(Photo credit: Rachel Cabitt)
I’m totally late with sharing several Under the Influence (UTI) pieces. My life went off the rails at the beginning of December and I’ve been playing catch up ever since. One of those UTI pieces was by/for WIVES, a Queens, NY-based punk band. They released their debut album So Removed via City Slang late last year and also toured the UK/EU during the month of November. Although the tour has come and went, their cool album still remains.
If you didn’t know, the band is made up of Jay Beach (guitar, vocals), Andrew Bailey (guitar), Alex Crawford (bass) and Adam Sachs (drums). The album is made up of eleven tracks that are “tethered to daily anxiety without resorting to cynicism.” The lyricism is raw and the instrumentation fits it like a glove. My favourite track off the album is ‘Workin’.
We asked the band what three albums have influenced them and their music. Their picks are below….
Wives’ debut album is available here: https://wives.lnk.to/SoRemoved
Television – Marquee Moon
Lou Reed was a visionary alien from another planet akin to James Brown. Dylan was the protege of an old weird America we no longer understand because it’s been extinct for half a century. On Marquee Moon, and in particular ‘Venus’, Television gives us the closest thing to the actual realisation of life in New York and all its accompanying celebration and despair, that a couple of average eyes have ever told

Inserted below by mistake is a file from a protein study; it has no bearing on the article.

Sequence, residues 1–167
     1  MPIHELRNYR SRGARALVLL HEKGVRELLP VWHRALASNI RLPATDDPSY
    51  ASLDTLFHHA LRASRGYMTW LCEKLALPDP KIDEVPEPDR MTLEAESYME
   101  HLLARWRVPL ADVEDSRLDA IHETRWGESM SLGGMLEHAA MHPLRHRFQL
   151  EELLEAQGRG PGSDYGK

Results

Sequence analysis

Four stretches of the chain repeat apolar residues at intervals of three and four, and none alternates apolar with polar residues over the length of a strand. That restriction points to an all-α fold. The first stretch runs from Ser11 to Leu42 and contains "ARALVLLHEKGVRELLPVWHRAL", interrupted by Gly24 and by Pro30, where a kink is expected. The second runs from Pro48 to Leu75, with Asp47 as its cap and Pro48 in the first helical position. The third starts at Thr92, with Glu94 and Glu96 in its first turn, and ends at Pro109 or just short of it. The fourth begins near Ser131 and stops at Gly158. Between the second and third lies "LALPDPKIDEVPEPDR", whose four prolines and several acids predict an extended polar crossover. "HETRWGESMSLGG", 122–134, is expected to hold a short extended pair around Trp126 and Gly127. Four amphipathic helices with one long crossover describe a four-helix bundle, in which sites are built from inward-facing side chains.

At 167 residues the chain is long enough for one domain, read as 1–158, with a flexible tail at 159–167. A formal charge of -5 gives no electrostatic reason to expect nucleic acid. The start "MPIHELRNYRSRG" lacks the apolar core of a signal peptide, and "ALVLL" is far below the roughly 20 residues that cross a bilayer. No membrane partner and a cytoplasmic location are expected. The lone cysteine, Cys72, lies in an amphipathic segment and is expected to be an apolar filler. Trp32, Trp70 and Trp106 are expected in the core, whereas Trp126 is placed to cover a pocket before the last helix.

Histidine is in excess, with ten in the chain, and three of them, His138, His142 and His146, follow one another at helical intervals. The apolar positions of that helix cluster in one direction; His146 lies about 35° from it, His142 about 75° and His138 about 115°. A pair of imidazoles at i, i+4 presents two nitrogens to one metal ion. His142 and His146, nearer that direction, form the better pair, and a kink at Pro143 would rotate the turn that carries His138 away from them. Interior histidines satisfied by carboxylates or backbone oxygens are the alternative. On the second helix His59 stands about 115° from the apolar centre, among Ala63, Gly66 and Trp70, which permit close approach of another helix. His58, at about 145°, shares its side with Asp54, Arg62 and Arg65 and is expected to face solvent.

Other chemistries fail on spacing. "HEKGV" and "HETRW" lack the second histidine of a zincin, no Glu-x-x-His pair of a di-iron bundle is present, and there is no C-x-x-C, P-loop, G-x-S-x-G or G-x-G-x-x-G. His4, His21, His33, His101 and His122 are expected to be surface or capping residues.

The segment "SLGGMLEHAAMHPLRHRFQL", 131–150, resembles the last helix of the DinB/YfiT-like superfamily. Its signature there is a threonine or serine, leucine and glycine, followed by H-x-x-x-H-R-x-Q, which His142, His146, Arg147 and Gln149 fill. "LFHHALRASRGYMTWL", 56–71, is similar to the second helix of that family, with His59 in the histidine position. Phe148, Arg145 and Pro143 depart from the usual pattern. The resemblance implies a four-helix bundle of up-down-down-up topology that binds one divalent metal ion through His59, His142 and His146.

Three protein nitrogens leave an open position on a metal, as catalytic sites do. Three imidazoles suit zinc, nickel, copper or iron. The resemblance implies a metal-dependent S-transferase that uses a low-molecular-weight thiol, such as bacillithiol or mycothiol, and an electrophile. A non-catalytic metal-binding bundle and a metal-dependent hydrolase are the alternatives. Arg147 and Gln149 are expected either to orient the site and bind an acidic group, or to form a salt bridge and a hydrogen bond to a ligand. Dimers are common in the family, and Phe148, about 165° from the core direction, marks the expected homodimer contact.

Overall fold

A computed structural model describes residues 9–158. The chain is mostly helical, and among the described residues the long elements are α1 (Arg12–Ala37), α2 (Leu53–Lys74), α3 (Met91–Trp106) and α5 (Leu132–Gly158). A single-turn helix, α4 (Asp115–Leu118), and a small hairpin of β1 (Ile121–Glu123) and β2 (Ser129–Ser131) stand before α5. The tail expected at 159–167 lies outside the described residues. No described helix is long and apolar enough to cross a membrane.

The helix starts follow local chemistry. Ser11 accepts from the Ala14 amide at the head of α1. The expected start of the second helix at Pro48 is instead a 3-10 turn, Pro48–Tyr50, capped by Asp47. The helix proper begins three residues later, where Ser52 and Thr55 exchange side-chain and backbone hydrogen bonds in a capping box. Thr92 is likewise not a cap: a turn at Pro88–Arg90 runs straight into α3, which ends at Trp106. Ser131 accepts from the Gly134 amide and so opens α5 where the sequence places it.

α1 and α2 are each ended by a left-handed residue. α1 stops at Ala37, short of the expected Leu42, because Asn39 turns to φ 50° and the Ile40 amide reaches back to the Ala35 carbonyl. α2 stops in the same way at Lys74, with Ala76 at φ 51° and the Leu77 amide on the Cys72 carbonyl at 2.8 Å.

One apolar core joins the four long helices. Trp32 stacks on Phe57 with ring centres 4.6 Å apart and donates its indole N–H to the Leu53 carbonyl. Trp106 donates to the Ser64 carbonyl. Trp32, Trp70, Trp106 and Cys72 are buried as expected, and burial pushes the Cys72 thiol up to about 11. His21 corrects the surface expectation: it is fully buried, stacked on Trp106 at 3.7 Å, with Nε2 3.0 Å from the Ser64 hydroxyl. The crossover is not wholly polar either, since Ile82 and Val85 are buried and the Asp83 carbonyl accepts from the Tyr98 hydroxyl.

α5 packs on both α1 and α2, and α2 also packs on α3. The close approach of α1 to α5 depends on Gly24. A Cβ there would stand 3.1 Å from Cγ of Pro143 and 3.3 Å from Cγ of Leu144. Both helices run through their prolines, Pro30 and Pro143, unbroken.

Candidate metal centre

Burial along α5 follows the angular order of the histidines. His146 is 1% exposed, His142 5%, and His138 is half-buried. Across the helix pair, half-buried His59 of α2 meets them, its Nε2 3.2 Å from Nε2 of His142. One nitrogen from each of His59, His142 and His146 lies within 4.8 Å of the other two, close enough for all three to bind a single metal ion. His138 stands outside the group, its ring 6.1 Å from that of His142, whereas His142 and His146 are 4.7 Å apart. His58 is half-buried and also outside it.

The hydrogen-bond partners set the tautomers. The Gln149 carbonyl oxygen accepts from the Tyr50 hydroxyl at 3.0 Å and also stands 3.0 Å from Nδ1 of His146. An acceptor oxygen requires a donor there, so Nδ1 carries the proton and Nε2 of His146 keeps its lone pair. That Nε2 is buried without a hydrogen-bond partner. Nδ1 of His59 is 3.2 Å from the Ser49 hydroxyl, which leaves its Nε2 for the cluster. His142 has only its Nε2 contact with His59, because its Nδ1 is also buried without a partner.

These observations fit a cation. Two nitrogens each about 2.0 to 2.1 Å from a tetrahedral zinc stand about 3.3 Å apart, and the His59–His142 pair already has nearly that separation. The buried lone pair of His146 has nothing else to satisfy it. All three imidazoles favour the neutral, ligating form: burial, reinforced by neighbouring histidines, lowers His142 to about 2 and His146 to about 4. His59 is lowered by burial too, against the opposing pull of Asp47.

Bo Diddley – The Chess Box
Kinda ironic how they were called Chess Records. Anyway here’s the man who invented Rock and Roll as we know it, who ended up dying alone in a subterranean studio in Time Square covered in piles of porno DVD’s. One time he was asked what he thought of the contemporary artist James Brown, He said- “James gets it. He took my beat and just slowed it down some.” So Bo, along with his third person mythologizing, seems to have invented hip hop as well.
The Jesus and Mary Chain – Psychocandy
A raw, driving debut record. Allegedly the sounds from the record that made it so unique stemmed from the band’s usage of a broken fuzz box and amplifier. The juxtaposition of the deadpan vocals against the abrasive guitar and primitive drumming fabricates an atmosphere unlike any other band at that point in time. Sounds almost as if the Velvet Underground and the Sex Pistols had some sort of lovechild. Uncompromising, noisy and filled with badass attitude. This record truly is too cool for school.